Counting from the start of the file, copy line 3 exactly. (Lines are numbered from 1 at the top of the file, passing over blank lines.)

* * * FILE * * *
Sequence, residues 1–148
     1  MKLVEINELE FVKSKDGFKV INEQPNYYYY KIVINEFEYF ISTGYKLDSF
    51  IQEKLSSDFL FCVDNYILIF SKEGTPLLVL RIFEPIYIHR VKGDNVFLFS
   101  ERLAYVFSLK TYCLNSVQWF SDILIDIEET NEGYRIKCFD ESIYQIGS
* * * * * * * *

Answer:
    51  IQEKLSSDFL FCVDNYILIF SKEGTPLLVL RIFEPIYIHR VKGDNVFLFS